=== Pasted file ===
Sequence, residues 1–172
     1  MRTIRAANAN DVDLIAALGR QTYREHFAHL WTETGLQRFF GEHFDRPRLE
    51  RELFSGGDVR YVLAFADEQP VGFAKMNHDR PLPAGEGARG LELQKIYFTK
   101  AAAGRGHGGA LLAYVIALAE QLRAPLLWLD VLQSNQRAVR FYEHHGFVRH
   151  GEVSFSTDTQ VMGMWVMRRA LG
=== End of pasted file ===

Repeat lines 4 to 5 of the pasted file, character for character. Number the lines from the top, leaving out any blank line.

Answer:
   101  AAAGRGHGGA LLAYVIALAE QLRAPLLWLD VLQSNQRAVR FYEHHGFVRH
   151  GEVSFSTDTQ VMGMWVMRRA LG